America (California), Italy (Puglia), South Africa, Australia (Western Australian), Mexico and Chile.
Zinfandel is an awkward variety to cultivate, since the grapes have thin skins and are tightly clustered, leaving them vulnerable to uneven ripening and botrytis decay. Consequently, careful pruning is required and the variety needs to be picked at just the right moment: neither too soon, nor too late.
If picked before they are ripe, the grapes will be too green; if picked after full ripening has occurred, the grapes can very easily become raisin-like. Planting the vines on dry, hilly sites goes some way towards warding off the bunch rot that autumn rains can bring.
Owing to their good structure and fine balance, Zinfandel wines have the ability to age well; however, they are probably best drunk young, when their lovely juicy berry flavours can be fully appreciated (whilst these flavours remain intact for many years, they do not tend to develop a further complexity that would warrant such ageing).
Zinfandel has a garnet-red colour, verging on black, with tinges of blue. Initial aromas of red fruits are followed by scents of irises and roses. High sugar levels are responsible for the somewhat port-like character of this highly alcoholic full-bodied dry wine. The rich fruity flavours include black cherry, blackberry, bilberry boysenberry and plum with notes of spice (such spicy notes tend to be more pronounced with products from older vines). Baked characteristics may also be detected.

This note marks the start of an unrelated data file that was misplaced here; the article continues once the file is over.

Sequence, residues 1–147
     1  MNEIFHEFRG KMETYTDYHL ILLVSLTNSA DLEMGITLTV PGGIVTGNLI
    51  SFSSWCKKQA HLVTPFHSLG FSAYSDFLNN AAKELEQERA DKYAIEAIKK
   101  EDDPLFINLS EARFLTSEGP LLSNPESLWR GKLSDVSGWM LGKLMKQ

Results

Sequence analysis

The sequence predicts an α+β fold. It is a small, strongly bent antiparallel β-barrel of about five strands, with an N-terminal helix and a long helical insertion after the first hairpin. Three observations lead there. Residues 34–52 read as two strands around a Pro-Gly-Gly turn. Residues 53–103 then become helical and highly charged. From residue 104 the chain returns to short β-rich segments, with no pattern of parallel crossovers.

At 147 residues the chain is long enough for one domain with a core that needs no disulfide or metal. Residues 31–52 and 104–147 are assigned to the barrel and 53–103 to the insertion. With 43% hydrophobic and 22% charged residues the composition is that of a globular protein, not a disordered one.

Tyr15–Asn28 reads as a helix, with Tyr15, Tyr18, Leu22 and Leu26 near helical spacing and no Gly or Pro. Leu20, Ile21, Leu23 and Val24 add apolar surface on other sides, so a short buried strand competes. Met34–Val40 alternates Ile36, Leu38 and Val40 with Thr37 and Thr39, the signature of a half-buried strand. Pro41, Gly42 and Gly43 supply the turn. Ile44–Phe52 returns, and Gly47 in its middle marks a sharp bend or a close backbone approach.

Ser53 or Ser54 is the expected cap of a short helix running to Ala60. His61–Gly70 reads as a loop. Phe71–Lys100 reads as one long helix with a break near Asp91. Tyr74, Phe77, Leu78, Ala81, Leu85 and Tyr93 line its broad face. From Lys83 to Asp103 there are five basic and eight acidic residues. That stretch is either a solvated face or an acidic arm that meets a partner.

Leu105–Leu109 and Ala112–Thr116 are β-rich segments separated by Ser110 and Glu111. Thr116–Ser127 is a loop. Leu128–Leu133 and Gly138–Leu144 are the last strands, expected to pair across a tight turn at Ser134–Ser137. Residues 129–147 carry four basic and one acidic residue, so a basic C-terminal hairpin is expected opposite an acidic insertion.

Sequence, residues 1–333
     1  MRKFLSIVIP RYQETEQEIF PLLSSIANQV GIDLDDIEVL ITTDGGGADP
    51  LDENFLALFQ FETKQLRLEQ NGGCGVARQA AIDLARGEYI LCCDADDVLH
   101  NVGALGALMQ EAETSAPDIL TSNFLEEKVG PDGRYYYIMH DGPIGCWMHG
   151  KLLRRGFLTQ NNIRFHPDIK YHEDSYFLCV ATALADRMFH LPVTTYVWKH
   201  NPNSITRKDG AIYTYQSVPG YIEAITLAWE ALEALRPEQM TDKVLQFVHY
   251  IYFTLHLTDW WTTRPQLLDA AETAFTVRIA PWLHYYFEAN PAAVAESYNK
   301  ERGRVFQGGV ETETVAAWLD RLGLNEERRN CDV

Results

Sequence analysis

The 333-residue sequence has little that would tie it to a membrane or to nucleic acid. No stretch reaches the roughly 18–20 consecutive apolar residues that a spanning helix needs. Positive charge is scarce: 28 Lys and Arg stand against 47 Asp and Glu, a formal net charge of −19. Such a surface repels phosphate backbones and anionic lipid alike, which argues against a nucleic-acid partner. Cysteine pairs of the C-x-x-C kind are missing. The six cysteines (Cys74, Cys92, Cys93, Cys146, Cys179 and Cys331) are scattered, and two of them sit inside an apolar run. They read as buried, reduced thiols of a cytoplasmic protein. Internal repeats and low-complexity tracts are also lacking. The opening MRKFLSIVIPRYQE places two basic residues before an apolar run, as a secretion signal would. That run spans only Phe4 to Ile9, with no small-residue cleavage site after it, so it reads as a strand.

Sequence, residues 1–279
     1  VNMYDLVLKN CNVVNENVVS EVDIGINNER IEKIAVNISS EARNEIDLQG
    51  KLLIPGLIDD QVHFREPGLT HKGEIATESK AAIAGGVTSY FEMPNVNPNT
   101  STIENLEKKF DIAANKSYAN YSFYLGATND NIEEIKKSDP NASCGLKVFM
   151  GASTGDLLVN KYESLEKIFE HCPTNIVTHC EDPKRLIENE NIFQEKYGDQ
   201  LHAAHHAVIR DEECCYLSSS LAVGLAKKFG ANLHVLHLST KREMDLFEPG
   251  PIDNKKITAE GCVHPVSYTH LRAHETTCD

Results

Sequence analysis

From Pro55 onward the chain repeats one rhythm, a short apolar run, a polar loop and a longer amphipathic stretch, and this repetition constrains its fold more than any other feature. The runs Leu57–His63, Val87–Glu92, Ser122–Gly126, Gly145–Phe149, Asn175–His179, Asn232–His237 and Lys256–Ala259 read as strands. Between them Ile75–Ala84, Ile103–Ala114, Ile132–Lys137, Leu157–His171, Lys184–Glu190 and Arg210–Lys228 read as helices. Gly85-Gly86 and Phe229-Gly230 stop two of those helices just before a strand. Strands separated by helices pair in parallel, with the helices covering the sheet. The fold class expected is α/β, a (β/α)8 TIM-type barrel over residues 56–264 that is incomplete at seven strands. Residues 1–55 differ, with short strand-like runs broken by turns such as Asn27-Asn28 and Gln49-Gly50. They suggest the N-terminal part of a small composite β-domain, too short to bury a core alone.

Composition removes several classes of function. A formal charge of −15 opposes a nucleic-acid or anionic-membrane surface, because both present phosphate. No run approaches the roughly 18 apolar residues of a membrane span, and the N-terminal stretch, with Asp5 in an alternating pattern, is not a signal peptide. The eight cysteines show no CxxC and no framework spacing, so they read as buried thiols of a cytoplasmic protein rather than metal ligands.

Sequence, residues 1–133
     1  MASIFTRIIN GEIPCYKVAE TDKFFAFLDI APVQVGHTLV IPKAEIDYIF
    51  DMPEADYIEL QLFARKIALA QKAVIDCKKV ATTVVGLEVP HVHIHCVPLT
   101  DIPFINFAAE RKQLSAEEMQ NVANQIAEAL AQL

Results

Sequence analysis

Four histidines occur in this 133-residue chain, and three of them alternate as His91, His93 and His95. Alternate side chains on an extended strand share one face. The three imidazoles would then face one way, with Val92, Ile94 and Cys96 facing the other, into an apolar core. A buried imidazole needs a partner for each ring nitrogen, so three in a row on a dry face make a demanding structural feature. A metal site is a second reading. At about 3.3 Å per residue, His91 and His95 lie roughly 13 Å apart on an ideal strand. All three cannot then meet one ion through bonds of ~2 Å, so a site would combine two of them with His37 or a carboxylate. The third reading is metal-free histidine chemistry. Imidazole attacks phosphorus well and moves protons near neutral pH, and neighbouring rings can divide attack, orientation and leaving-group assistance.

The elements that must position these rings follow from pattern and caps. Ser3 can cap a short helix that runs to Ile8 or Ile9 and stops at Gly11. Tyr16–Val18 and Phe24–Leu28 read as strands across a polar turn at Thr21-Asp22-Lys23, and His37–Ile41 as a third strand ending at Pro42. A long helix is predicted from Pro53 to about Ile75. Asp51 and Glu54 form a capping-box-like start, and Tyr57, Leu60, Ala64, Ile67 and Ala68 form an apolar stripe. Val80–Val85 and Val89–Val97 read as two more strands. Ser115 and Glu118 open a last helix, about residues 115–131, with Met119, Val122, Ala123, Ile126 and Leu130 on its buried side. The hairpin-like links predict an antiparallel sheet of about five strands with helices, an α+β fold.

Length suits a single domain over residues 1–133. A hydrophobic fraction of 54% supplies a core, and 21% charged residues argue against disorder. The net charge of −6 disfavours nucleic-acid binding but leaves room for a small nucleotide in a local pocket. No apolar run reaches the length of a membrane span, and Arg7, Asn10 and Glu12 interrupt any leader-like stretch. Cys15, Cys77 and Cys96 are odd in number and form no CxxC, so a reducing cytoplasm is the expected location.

White Zinfandel is the term used to discribe blush or rose wines made from the Zinfandel grape. These wines are usually sweet, as fermentation is stopped before it is complete, and have light fruit chracter. Generally made in high volume.